Living in a townhouse that is largely protected by light -- high intensity floodlights at night, and the sun during the day -- because the mutant flesh-eating zombie monsters cannot survive in or tolerate light -- his safety is basically a product of his ability to maintain electricity in order to ensure access to light when he most needs it.  Well, in a way that parallels the world of Minecraft, in that the monsters in this game are, for the most part, in the same boat as those in the movie in that they do not survive in bright light.  They require darkness to spawn, and some of them (mostly the undead) are actually destroyed by light.

That being the case, like the Doc, when you build your Den (or house) you will eventually want to turn it into a Stronghold -- which means building walls and ramparts so that you have, in theory, an outside area that is protected from mob spawn by lots of bright light so that you can do things like garden, craft, or chop wood in the night without having to worry about being attacked. 

The simple answer to how to do this is to light the area up very well, so that there are no dark spots in which mobs can spawn, but even that is not fool-proof mates, since temporary darkness can occur when, for example, those trees you planted grow to the point that their branches and canopy blocks the carefully laid out light grid that you created...

--== The Importance of Situational Awareness ==--

Nothing ruins your day like emerging from your house in the morning only to find a hissing green Creeper who was lurking just out of sight and who, when you opened the door and emerge, proceeds to whisper in your ear "Nice wallsssssss!" and then blows up part of your Stronghold because you failed to see that they were there and they got close enough to detonate!  Now instead of going off to do what you wanted to and planned to,  you end up having to spend time repairing the damage that they caused, and where is the fun in that I ask you?!

Obviously taking the time to properly light up the inside of your Stronghold area (the bastion yard) is where you should be starting, but that is clearly not enough when you consider that some mobs, and in particular Creepers, are not destroyed by the sun when dawn arrives -- and besides that the walking torches that are Skeletons and Zombies can easily capture your attention so that you miss the lone Creeper who is hiding by that tree or among the Sugar Cane plants...


Adding plenty of windows increases Situational Awareness 

The simple solution to this is to remind you that before you leave your house each morning, you should be taking a good look out of the windows of your house/den to see if there are any threats in the area in addition to the crispy critters being burned to death by the sun...  Morning is not guaranteed to eliminate all of them of course, but there are steps that you can take to help to lower the possible negative impact of the Creeper that remains, and good situational awareness is the start of that.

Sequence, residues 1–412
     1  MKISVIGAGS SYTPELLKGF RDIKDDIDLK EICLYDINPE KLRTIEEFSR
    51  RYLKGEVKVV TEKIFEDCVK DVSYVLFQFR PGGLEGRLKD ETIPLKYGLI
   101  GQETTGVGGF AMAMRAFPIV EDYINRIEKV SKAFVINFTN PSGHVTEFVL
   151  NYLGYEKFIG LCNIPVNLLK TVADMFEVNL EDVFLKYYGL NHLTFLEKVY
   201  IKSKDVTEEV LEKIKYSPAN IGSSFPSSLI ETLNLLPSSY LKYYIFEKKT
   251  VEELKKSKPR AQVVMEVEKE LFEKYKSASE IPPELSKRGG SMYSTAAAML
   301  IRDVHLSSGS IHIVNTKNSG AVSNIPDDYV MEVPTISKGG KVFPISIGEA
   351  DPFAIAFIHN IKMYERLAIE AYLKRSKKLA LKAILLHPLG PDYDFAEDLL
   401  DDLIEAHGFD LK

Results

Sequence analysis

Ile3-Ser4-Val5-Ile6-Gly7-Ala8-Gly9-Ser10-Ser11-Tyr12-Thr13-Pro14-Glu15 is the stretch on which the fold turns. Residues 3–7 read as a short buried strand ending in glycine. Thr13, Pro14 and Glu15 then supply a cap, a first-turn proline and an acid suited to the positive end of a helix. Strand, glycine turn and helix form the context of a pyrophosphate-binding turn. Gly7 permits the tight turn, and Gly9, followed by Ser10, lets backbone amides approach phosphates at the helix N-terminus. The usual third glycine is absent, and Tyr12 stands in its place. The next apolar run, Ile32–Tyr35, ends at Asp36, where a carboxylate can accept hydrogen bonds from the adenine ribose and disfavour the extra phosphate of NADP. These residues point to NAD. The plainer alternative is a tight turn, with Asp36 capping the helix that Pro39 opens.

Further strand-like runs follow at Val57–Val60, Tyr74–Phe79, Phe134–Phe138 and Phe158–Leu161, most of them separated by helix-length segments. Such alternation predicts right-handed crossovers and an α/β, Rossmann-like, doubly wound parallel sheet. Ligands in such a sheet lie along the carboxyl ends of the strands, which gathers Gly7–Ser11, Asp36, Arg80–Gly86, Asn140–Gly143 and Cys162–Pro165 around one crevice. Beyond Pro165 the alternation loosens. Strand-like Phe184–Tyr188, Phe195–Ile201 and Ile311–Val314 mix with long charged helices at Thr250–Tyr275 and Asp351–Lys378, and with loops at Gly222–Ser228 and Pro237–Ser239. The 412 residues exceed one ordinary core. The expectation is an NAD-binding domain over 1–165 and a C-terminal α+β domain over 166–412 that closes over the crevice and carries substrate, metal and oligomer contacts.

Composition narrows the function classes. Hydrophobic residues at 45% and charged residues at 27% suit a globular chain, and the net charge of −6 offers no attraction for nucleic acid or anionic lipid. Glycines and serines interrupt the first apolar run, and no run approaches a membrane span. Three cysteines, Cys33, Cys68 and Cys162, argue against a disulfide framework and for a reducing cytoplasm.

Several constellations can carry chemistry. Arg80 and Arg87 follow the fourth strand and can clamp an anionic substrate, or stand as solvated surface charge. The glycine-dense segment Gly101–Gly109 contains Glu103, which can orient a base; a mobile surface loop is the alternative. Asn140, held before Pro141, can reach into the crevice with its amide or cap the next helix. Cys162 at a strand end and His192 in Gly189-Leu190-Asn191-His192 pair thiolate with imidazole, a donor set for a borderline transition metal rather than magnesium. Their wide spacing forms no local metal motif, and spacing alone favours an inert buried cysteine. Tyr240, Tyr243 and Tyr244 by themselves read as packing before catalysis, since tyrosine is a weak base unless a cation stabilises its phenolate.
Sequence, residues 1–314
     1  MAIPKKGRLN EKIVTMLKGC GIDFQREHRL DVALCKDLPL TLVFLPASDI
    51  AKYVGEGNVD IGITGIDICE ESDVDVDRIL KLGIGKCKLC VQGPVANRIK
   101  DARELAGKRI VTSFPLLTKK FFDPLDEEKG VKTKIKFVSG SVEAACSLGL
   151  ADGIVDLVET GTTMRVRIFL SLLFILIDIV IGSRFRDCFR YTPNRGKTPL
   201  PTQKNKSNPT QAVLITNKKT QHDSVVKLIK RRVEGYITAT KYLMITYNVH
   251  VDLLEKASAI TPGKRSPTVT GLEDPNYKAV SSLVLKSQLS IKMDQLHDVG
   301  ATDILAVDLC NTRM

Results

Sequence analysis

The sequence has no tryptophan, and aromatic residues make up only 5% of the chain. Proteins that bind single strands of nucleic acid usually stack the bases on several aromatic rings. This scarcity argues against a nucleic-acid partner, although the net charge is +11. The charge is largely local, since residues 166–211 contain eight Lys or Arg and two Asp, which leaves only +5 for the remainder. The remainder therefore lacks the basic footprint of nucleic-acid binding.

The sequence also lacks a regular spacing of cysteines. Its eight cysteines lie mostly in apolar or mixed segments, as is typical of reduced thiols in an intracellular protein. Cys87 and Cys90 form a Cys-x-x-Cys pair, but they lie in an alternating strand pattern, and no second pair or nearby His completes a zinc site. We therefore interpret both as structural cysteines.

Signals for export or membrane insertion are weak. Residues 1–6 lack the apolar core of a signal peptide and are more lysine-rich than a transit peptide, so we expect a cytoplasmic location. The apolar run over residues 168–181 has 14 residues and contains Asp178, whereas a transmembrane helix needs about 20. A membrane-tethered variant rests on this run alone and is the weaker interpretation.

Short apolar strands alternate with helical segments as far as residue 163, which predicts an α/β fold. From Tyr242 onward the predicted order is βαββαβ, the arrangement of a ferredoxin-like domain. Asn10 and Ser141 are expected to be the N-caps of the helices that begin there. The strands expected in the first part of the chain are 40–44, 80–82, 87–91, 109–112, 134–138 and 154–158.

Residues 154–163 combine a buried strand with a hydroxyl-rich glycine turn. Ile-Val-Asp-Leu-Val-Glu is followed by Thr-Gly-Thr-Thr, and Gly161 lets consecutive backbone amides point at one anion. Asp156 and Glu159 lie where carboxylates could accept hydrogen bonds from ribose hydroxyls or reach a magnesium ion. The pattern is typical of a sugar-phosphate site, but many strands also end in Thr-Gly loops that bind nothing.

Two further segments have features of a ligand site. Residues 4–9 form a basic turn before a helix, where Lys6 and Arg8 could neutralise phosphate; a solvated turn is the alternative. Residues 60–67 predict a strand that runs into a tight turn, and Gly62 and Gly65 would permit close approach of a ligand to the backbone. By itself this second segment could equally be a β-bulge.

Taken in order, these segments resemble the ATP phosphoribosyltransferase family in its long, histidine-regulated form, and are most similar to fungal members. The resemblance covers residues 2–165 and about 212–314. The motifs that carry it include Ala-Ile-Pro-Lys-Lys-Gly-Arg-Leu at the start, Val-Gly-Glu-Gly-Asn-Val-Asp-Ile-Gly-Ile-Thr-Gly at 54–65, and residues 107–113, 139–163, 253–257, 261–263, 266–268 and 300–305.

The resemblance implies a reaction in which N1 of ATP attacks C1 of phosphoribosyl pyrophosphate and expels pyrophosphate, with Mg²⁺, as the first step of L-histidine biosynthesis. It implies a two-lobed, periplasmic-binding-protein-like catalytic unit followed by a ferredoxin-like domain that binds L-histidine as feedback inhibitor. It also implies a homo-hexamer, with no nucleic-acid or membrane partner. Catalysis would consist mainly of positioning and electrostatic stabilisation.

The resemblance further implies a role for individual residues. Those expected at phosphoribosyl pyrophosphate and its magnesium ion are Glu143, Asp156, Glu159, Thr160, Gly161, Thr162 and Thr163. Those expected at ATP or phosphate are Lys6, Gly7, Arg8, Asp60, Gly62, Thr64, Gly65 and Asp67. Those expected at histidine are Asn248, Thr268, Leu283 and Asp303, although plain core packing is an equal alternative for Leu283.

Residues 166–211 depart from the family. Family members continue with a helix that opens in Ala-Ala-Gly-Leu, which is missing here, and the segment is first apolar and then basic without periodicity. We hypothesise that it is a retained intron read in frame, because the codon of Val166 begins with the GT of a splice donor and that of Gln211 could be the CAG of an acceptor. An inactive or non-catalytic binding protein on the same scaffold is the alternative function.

After you have created the walls of your Stronghold and devised your light plan, you should build a large patio that spans the width of your home/den with your door in the center, and a buffer zone of four to six block tiles deep, and then wall that off with a shoulder-high wall of explosive-resistant material, topped with a layer or two of Glass Blocks.  Why?  Glad you asked that!

While Glass Blocks are NOT explosive-resistant, they do enjoy a different characteristic -- Creepers cannot see you through them.  So if you create a shoulder-high wall around your patio, then top that with Glass Blocks, you now have an area directly outside of your house that you can use to reconnoiter the outside area without the risk of a Creeper sneaking up on you or detonating close enough to your home to do damage to it (or you).

As long as the patio itself is very well-lit, they cannot and will not spawn on it, which means you know beyond a shadow of a doubt that you can safely open your front door each morning.  This allows you to take your time and recon the area.  If it turns out that there are in fact Creepers out in the bastion area, you can then retreat to the second floor of your home, exit via the door there, and safely snipe any Creepers form the balcony above, where they cannot get close enough to begin their detonation countdown.

An alternate system is for you to always exit in the morning via the second-floor (or higher) balcony and snipe any Creepers you spot below before you leave via the front door, which makes it unnecessary for you to construct the walled patio...

Bear in mind that mobs in general -- including Creepers -- are an easy to handle threat if you understand them, and are well-versed in their tactics but you should also bear in mind that the mobs in the game -- and especially the hostile mobs -- are not stupid.  In fact they are quite clever, and if you start to feel like THEY are toying with YOU, well...

Some of the basic facts about mobs that you will want to keep in mind as you adventure in the game include:

-- Mobs are aware of any players within a 16 block radius of them with the exception of Endermen, who can see up to 64 blocks away, and Ghast, which can see up to 100 blocks away.

-- Creepers are sneaky little bastards and their attacks on the player are calculated not just to damage them via their HP, but also to damage their pride...  Inside caves and mines Creepers will deliberately wait in ambush of the player by hiding in alcoves -- standing completely still to limit their noise -- and once the player passed the alcove, they will then sneak up behind them and blow up!

-- Most mobs cannot see through Glass Blocks.

-- Creepers need to get close to you for their timer to start; when their timer starts the blink a lighter shade, which is your warning that an explosion is imminent.

-- It is possible to melee-kill Creepers if your attacks push them far enough away from you to halt their countdown -- OR -- you have enough space behind you so that you can constantly back up while fighting them.

-- Zombie and Skeleton (undead) mobs who have burst into flames but are not yet dead in the morning sun can be killed by you for XP and item drops.

-- Taming a Wolf or six as both companions and a warrior pack is a good idea, but you should be aware that like their real-world counterpart, Wolves are not stupid.  While they will willingly help you battle the odd Zombie or Skeletal Warrior you happen upon, they will not attack a Creeper...  You see wild or tame, a Wold does not like being blown up anymore than you do!